A legislator with the hindsight to see where we have been and have a vision for where we need to go is rare. One of Representative Sally Kerans’ gifts is the way she integrates what she has learned: MPA from the JFK School of Government, Harvard University; from serving previous terms in the legislature; her life experiences; and her clear visions for the future. The issues she champions are far and wide, but all reflect that integration.
“My grandfather was the first Democrat ever elected to represent Danvers in our State legislature. My parents, from starting the Chess Club at the YMCA, to being president of the Little League, to the Democratic Town Committee, were always involved in the betterment of the town. I guess being civic minded runs in my DNA.”
Guest post by Tracy Valletti, Candidate for Commissioner of the Peabody Municipal Light Plant.
Nothing can quite prepare you for the experience of running for elected office.
When I first started this campaign, I did so because I wanted to stand up against the proposed gas plant, known as the “peaker” plant. I didn’t know if people were aware of the project, or if I could even win. All I knew was that the proposal would harm our communities, and I couldn’t sit by and do nothing.
“I had no intention of running for the Hull Light Board,” said light Commissioner, Jacob (Jake) Vaillancourt, who beat the incumbent by over 200 votes. Once you get him talking, it’s easy to understand how this young man with a remarkably facile mind and ability to circle issues from multiple perspectives eventually saw this role, not as an end game, but a piece of the new energy puzzle that might just keep Hull, and much of our coastline above water.
Guest Post by Tracy Valletti
I’m concerned about the health and future of our city and am against the proposed fossil fuel peaker project. We need a commissioner who will lead with a vision aligned with the residents and city departments to maintain and improve our quality of life. The negative health and climate effects of a polluting plant in our city and our world are real. I can no longer stand by as these warnings are ignored. I will advocate for investments in renewable energy sources that keep our communities clean and affordable. I will engage with residents to come together as a community to create a future that is clean, affordable, and accessible to all.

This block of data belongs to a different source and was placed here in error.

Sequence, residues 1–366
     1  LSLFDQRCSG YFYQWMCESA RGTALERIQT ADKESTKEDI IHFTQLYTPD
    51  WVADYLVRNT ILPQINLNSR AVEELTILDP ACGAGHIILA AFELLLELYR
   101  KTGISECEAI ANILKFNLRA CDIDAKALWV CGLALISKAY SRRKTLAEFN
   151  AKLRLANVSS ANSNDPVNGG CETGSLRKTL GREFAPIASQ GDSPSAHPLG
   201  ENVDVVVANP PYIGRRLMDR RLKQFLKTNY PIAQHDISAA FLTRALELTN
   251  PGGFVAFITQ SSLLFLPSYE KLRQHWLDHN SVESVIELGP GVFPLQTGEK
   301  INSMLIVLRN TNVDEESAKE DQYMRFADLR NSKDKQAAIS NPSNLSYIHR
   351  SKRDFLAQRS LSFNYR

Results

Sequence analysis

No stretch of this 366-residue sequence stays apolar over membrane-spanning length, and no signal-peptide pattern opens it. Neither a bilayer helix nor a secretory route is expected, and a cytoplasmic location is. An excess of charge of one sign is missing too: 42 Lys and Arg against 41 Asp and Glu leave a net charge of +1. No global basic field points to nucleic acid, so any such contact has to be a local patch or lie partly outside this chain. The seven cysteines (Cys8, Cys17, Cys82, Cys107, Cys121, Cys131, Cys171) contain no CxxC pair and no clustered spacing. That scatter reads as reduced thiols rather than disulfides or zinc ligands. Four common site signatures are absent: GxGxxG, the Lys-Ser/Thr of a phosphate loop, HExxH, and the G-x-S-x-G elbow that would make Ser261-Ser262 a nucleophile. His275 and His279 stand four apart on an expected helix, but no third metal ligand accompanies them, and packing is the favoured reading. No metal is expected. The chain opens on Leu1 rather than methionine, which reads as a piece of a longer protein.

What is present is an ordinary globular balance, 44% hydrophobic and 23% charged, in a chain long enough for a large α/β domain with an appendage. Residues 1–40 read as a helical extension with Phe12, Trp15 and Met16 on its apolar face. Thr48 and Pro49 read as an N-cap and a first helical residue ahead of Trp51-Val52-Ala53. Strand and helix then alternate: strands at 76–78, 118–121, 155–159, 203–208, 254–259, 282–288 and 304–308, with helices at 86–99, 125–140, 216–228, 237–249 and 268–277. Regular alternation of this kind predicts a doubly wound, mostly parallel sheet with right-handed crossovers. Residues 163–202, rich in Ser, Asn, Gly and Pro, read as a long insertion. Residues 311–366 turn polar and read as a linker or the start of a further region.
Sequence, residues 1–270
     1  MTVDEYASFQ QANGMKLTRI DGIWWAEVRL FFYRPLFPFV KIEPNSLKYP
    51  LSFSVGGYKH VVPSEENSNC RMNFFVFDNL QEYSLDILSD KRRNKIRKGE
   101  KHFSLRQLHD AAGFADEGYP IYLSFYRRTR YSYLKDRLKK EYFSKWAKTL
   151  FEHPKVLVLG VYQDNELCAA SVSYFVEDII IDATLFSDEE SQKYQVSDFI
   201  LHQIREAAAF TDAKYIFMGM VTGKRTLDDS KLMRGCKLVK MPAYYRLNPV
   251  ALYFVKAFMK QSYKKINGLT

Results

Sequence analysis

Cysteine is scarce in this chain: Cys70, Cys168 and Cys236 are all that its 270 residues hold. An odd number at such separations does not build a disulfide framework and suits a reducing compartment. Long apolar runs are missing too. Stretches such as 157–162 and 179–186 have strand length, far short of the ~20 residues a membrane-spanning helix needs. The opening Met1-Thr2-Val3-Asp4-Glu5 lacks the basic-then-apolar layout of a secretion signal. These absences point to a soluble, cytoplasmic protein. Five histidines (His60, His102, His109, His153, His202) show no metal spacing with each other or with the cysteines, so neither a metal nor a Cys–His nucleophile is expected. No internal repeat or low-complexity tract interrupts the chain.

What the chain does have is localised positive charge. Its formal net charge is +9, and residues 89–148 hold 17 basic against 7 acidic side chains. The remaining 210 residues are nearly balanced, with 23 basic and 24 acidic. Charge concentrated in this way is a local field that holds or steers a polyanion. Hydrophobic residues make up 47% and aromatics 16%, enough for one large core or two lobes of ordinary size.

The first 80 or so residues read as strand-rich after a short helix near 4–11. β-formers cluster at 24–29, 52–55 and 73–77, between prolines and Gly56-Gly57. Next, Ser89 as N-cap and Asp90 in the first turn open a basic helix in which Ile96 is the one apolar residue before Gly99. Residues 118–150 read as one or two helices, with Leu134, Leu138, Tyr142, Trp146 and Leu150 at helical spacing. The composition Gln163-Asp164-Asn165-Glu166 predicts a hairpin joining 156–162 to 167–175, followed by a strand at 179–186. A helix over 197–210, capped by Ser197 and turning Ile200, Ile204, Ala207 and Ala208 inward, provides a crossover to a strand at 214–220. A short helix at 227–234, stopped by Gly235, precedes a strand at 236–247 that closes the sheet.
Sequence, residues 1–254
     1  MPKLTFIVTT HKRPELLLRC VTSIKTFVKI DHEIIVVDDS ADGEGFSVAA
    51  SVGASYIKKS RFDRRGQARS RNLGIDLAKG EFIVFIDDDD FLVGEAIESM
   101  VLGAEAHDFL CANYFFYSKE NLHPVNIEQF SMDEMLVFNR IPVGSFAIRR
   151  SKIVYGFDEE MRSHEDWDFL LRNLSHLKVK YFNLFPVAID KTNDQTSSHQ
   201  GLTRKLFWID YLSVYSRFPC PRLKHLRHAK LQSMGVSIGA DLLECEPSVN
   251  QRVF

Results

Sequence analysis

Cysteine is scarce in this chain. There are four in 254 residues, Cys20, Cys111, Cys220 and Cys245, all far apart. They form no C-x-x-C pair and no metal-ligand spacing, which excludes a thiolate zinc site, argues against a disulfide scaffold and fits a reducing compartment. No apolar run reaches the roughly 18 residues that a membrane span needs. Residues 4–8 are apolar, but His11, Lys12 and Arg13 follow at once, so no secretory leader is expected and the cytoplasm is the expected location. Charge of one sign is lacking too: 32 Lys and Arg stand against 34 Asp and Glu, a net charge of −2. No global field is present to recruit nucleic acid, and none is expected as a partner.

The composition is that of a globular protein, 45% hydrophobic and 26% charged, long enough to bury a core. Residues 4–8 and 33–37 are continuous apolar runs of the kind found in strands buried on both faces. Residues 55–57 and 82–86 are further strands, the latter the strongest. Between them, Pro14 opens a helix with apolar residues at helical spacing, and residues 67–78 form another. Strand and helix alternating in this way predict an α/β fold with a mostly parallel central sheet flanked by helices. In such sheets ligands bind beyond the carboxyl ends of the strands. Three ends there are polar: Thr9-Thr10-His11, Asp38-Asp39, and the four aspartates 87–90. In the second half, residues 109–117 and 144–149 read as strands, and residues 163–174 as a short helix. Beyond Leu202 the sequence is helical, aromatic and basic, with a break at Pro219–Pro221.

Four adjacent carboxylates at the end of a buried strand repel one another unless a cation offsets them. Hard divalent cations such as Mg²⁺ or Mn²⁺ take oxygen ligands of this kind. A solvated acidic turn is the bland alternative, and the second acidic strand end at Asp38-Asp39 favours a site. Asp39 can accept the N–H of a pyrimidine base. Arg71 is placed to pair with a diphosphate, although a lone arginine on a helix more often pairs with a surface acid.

In stark violation of the Climate Law, Acts of 2021, Ch. 8 S. 15, the Department of Public Utilities (DPU) on August 12 approved the request of the Massachusetts Municipal Wholesale Electric Company (MMWEC) to borrow $85 million to finance building the project 2015A peaker plant slated to be sited at the Waters River, at the Peabody/Danvers border, with the option to refinance at a later date.
The provisions of the Climate Law should have required a comprehensive health and environmental review with consideration of reliability, equity, and impact on the climate, not just cost, before proceeding.
The Massachusetts Municipal Wholesale Electric Company (MMWEC), acting for a project consortium of 14 municipal light plants, is proposing to build a 55-megawatt peaker power plant in Peabody to assure a supply of capacity power during times of heavy use and in an emergency.
Their proposed use of fossil fuel blended with hydrogen will be a threat to public health, harm the natural environment, contribute to the climate crisis — and the plant is a risky financial investment.